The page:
The sun is going down and I can hear a few dogs barking in the distance. My tent is rustling in the wind slightly but hopefully i’ve picked a good enough spot and won’t have to uproot myself like last night. Though the miles i’m cycling have become almost routine, and i’m comfortable putting up my tent and cooking something basic, i’m still not an expert at figuring out the best place to camp. Reading the wind, finding an appropriate spot based on the conditions and what’s going to be most effective rather than what looks comfortable and convenient is something i’m yet to master.
It’s my penultimate day of cycling, on this route at least, and I fit in 50 miles before setting up camp. Leaving somewhere between 30 and 50 left to cover tomorrow – plus 10 to 15 to get me from the official finish line of the route, to where i’ll be staying, near Haeundae Beach in Busan.
The area i’d camped in last night was deep in fog this morning as I emerged from my tent at around 7. It was damp but must have stopped raining early on in the night. Though (again) reluctant to leave the warmth of my sleeping bag and crawl out of a wet tent I pack my things as quickly as I can and eat the only thing I had left for breakfast – a chocolate bar with ‘Have A Dynamic Time’ written in sporty italics on the side.
I can’t feel my fingers the first half an hour, my two glove optiions being my half-finger cycling ones, and my now-damp wool ones. I make a mental note to buy a better pair. Luckily the sun came out early on, and the first couple of hours passes fine until I reach a 13% climb which lasts for several tough bends. Along the grey concrete beside the road is a bunch of graffiti etched into the dirt. In the pain I was in it felt a strange place to pronounce your love for someone.
I crossed a large bridge after the downhill then kept a steady pace on the flat section beside the river until it terminated at a small mountain which was attracting Sunday morning visitors. I looked at a sign which said YoungAji Observatory and made the mistake of getting off my bike and following the wooden steps up to the peak. It was only a few minutes walk, but it was steep and my legs were tired and it hit me how little i’d eaten and how low my energy was. The view wasn’t even worth it. I ran back down and got back on my bike.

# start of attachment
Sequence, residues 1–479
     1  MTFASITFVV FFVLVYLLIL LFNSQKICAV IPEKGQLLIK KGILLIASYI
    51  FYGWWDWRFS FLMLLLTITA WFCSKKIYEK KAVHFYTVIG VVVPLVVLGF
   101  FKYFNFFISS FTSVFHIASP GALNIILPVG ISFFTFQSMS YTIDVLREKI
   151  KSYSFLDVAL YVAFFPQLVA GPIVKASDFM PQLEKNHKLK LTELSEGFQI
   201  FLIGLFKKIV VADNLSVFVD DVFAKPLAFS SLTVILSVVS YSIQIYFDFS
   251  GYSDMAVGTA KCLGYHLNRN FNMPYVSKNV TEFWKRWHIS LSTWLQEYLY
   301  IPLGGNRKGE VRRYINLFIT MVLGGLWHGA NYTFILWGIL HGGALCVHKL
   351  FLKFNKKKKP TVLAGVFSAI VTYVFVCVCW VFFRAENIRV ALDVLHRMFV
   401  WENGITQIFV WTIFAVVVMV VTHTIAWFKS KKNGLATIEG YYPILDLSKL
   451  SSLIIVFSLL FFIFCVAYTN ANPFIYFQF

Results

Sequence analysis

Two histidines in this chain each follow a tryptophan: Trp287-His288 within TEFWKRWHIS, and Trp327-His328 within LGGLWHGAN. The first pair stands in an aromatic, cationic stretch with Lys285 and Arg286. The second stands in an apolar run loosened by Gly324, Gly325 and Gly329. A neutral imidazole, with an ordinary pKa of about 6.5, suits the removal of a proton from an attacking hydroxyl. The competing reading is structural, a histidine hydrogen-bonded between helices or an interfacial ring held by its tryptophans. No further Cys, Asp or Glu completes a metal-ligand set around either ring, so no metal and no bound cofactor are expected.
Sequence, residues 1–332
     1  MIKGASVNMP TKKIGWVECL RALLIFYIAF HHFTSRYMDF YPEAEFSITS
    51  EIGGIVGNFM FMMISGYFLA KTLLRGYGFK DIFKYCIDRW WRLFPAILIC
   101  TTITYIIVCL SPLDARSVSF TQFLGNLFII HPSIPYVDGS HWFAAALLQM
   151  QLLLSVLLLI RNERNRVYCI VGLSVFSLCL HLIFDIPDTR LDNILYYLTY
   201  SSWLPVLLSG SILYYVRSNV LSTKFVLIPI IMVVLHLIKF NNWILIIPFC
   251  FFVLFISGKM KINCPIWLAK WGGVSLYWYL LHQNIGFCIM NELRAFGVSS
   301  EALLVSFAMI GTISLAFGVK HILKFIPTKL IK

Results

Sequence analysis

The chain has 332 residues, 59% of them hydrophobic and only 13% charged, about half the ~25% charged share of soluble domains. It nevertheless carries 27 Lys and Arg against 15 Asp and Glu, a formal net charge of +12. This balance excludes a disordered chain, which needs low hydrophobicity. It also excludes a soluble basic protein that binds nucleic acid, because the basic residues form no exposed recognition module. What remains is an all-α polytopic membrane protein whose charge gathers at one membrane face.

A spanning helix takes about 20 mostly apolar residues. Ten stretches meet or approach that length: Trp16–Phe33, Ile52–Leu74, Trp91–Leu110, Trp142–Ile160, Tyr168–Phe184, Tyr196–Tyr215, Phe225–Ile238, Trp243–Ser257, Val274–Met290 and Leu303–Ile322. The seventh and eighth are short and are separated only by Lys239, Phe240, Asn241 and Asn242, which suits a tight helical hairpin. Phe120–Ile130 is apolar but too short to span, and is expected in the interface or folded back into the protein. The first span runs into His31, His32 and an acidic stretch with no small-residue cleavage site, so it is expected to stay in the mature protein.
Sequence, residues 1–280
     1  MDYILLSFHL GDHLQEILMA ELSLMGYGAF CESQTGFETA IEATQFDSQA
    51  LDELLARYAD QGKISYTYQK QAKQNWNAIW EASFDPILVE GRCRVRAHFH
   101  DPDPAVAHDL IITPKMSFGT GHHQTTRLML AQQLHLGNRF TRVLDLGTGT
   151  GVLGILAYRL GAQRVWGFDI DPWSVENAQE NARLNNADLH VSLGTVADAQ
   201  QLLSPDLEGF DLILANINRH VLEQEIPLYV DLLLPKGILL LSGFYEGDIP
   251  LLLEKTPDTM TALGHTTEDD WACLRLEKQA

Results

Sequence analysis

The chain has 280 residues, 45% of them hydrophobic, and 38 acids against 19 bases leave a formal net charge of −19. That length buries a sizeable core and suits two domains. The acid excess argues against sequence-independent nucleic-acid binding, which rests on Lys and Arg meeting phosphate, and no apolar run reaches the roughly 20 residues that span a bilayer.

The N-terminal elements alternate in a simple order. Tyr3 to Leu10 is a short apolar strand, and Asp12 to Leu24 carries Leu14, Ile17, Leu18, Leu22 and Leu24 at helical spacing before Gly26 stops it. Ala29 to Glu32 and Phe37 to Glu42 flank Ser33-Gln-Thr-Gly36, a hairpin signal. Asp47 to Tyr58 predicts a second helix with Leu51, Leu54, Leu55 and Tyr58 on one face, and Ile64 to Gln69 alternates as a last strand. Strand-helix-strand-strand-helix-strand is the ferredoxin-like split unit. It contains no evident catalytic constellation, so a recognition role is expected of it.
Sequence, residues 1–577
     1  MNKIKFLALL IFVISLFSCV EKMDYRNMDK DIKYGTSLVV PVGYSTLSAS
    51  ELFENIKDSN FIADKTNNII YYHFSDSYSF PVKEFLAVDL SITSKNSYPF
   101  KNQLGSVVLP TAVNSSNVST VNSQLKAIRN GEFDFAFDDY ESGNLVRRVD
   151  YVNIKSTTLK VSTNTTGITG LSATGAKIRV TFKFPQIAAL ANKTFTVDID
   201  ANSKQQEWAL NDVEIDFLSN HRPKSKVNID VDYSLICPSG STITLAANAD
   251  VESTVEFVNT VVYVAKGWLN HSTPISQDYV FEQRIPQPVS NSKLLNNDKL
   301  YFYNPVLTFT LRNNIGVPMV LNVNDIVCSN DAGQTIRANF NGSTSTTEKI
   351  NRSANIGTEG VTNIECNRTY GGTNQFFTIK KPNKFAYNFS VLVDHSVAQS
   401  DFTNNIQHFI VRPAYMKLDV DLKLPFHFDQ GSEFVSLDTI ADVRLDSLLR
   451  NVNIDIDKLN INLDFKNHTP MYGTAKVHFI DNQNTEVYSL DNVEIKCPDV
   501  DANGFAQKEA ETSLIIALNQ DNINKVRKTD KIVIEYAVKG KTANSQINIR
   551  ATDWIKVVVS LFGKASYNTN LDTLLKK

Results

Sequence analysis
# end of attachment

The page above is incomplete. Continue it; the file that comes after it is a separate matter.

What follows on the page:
Waiting just around the corner was the most ridiculous uphill i’ve encountered so far. Though it’s remarkable how the cycle route literally runs the length of the country at this point they should have given up. In my weakened state it looked near vertical, and I guessed by looking at my map it would carry on for a while. Whilst the reward of the view might have been worth it I doubled back on myself and joined the main road, which looked like it would skirt around the outside of the mountain. To begin with I felt i’d made a mistake as I hit a climb after only fifteen minutes. But thankfully it was just one bend, and over quickly with a downhill all the way to the next city, Namjiri, where i’d stock up on much needed calories.
My diet has been pretty terrible this week. Instant noodles, chocolate, energy drinks. If i’m going to do this longer term I need to figure out a way to keep myself going in a more healthy and considered way. I’m probably burning off whatever i’m eating, but I don’t feel great about it, and arriving sweating at a 7-11 and blowing £10 on junk doesn’t look good either.
I stop on the edge of Namjiri at a corner store with a table outside in the sun. I buy my usual pile of snacks and sit outside charging my phone, GoPro, and camera which have all decided to die at the same time. A man sits on the other side of the bench facing the street and talks to his dog. On it’s collar are the words “My Dog. My Love” repeated.
I stop for an hour or so, it’s longer than i’d like, but I need to do nothing for a bit. Eventually I get up and fumble along through the edges of the city, my chain comes off and I drop my handlebar bag twice, and get frustrated as I cross the bridge out of town. It seems like a functional, simple place. Korean cities outside of Seoul seem compact and people piled into hi-rises, leaving miles of green parkland open nearby.
The next couple of hours pass smoothly. The parks are neat and pretty out of the city, a lot of people are out enjoying the sun. The path carries on through the park, rejoining the road for a few bends around the mountain, and then crossing a bridge where it forms a path again. It runs alongside the edge of a town which is either half-finished or only half-started and I see around eight white dogs in someones backyard.
Again i’m not going to make it to more than 50 miles. My legs are giving in and I pass along an area which would looks good to camp in so I decide to call it a night. It felt like a fairly unremarkable day – a transition, filling the gap between city and the countryside as the surroundings very slowly become more urbanised and developed again. It’s my fourth night camping in a row, not much for some, but a personal record for me, and it shows in the dirt on my hands and the notifications piling up on my phone. I’m looking forward to the final stretch to Busan tomorrow and some comforts again. Then to decide where to go next, and how i’ll be getting there.